Wednesday, May 15, 2013

The Alchemists: Three Central Bankers and a World on Fire by Neil Irwin

Neil Irwin's The Alchemists delivers on its promise: the book is a central banker's view of the 2007/2008 Financial Crisis and the more recent (and related) Euro Crisis. Only the subtitle disappoints: The Alchemists isn't quite the story of the three central bankers depicted on its cover (Bernanke, Trichet and Mervyn King). Rather, The Alchemists offers a thorough treatment of Bernanke's crisis-plagued tenure at the Fed and insightful coverage of the ECB's Trichet - until Trichet morphs into Mario Draghi just in time for the worst of the Euro Crisis. Plus the odd bit of Bank of England's Mervyn King thrown in for comic relief. No doubt Irwin's project was inspired by Liaquat Ahamed's Lords of Finance, winner of the 2010 Pulitzer Prize, which treats four central bankers (their philosophies and their quirks) from the 1920s: the UK's Montague Norman, France's Emile Moreau, Germany's Hjalmar Schacht and the Fed's Benjamin Strong. Now these were central bankers: they dominated the monetary policies of their day.

Our contemporary central bankers lack some of the color of their predecessors (save Mervyn King, who is pretty darn colorful). Moreover, their field of action is much more circumscribed. They can be checked by other personalities within their respective institutions, by intimidating political leaders, and by uncooperative markets. These bankers do manage, at least in this account, to largely have their way in responding to the crises, through will and manipulation, and by playing on the palpable belief that no one else has any better idea of what to do.

Irwin's story begins with the shudders in the market in late 2007, when BNP is the first major institution to admit it had no real idea how much those tricky mortgage-backed securities were worth. The response by Trichet is immediate - and is the precursor of many more ECB interventions. Things get much much worse in the following year with the fall of Lehman Brothers. Lehman's collapse is marked by the surprising non-intervention of the Fed. Irwin's account of the abandonment of Lehman Brothers is thin - but he suggests that the Fed may have felt it had no clear legal basis to act. Bernanke no doubt learned many things from the Lehman Brothers fiasco, including (perhaps) the advantages of being a bit less scrupulous in respecting the limits of the Fed's authority.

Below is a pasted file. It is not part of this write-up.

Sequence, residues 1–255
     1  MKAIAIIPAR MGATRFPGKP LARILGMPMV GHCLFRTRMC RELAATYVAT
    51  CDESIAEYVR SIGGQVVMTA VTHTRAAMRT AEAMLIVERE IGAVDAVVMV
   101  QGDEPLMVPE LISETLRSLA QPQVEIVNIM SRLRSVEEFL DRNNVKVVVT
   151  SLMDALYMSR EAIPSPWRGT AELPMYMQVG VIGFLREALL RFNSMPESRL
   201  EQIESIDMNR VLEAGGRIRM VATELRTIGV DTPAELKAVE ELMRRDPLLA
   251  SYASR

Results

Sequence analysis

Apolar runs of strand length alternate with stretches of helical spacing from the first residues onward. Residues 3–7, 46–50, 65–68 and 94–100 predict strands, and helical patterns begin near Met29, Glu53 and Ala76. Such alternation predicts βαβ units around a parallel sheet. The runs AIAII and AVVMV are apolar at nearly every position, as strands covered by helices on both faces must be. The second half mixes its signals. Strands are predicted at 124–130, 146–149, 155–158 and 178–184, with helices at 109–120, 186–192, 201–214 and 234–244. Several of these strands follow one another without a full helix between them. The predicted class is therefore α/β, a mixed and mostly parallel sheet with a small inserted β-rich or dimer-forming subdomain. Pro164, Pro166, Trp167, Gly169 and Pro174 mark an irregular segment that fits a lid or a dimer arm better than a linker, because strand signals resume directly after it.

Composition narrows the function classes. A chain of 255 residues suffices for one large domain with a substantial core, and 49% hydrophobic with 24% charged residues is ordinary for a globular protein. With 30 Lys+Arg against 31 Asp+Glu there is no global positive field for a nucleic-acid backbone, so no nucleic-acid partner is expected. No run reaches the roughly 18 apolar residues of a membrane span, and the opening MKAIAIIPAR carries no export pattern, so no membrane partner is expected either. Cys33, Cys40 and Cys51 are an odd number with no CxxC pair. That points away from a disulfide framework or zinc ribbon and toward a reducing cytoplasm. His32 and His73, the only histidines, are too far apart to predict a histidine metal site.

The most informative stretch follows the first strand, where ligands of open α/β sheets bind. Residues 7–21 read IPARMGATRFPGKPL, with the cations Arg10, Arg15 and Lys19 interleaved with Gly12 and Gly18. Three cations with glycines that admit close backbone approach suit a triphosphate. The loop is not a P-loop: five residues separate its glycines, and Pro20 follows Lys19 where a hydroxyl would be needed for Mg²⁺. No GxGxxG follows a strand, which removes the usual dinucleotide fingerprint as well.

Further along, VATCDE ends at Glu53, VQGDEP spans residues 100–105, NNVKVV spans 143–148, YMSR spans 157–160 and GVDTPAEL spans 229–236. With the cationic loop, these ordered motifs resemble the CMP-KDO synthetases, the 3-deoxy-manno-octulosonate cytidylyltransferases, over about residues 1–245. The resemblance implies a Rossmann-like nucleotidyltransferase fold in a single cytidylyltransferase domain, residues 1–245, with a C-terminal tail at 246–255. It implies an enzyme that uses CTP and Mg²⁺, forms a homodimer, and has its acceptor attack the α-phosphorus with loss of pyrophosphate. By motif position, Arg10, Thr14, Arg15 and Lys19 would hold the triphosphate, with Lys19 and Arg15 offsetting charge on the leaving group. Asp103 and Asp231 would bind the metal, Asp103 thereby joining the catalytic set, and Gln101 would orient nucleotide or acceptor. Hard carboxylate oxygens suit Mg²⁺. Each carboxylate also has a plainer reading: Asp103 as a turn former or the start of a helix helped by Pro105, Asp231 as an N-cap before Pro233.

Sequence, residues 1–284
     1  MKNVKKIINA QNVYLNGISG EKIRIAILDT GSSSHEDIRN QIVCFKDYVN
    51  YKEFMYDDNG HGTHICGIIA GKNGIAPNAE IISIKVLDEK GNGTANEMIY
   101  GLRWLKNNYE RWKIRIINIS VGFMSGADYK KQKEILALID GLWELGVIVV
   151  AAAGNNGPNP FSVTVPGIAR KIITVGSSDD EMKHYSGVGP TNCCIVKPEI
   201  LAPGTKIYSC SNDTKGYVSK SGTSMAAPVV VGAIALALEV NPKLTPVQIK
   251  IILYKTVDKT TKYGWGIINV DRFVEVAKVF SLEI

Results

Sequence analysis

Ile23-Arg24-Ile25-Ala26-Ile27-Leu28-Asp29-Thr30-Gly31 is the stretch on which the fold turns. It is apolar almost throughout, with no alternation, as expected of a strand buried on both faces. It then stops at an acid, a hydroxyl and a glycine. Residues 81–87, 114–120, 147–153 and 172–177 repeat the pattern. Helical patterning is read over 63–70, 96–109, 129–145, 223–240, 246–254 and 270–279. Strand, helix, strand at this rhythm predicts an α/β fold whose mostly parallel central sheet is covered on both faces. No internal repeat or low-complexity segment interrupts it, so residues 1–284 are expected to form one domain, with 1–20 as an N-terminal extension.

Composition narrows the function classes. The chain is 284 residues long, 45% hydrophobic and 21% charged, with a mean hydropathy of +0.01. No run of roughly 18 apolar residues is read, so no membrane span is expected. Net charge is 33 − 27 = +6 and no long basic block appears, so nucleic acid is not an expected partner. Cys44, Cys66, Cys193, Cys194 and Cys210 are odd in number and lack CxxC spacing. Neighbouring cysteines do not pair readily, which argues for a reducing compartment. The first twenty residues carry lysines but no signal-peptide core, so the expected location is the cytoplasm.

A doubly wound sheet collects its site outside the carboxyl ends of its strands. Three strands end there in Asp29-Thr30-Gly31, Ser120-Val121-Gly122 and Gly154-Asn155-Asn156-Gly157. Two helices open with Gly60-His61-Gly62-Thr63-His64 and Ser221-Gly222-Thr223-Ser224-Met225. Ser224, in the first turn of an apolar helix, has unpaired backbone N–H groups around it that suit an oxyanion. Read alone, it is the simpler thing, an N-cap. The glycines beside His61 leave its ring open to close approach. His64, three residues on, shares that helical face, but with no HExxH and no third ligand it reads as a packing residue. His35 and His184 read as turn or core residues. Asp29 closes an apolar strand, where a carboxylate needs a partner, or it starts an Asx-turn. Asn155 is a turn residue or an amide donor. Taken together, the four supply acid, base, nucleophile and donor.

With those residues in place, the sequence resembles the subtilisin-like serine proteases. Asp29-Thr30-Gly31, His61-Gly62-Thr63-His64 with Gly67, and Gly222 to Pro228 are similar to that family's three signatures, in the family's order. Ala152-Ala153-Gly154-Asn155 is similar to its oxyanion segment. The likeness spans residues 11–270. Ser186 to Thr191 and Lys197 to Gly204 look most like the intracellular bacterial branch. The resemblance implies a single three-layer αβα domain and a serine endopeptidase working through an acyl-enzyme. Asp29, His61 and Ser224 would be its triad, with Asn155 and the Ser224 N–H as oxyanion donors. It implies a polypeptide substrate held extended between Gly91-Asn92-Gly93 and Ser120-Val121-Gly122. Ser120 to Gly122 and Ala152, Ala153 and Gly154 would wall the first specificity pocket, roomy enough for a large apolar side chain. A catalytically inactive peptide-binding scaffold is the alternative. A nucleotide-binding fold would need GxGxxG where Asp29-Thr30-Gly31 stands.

Irwin clearly admires his subjects. These are very bright, very forceful and public-spirited individuals. They seem devoid of political agenda - but this may be due to their positions of power that sets them above ordinary politics. They are consummate technicians - they do things because they believe them to be the correct course of action. They ignore opinion polls, but cannot, of course, ignore the markets.

Bernanke, Trichet and King are the kind of individuals one would expect to rise in a technocracy. The isolation of a central bank from ordinary politics is an accepted design feature of the modern state (China, as Irwin notes, is an exceptional case, where key macroeconomic decisions are directly taken by political leaders). As such, central bankers are not expected to be influenced by popular sentiment. Their actions have important distributive effects, however: the raising of a key interest rate creates winners and losers. And central bankers do have their prejudices: much of the conflict within the ECB in response to a possible Greek default replays almost theological arguments between German inflation-phobes and pan-Europeanists.

As the central bankers confront the crises, we are invited to applaud their audacity, their creativity, and their resolve. Irwin somewhat understates the recurrent slips into illegality. One could of course fetishize legal compliance - and compliance demanded in ordinary times may be inappropriate in emergency. Irwin gets the emergency right - the reader takes away the sensation that, as bad as things were, they could have gone more badly. Still the major interventions undertaken by Bernanke and Trichet (and Draghi) do seem to exceed their respective authority. A technician may enjoy the curative legitimacy that comes with being right.

And central bankers do hide themselves away. While Neil Irwin manages access (at least after the fact), he reports little ongoing respect for transparency beyond Delphic Fed-speak (this is mimicked by the ECB). Irwin seems to relish the secrecy - the dodging of reporters, the misleading feints. This is odd, given Irwin's professional status as a Washington Post editor.

There is much to applaud in The Alchemists. Irwin does a superb job in presenting quantitative easing in its various incarnations and exploring the strange new world of zero interest rates. He is also excellent on the Greek Euro Crisis. One of his finest insights is a speculation: what would have happened had the UK belonged to the Eurozone?

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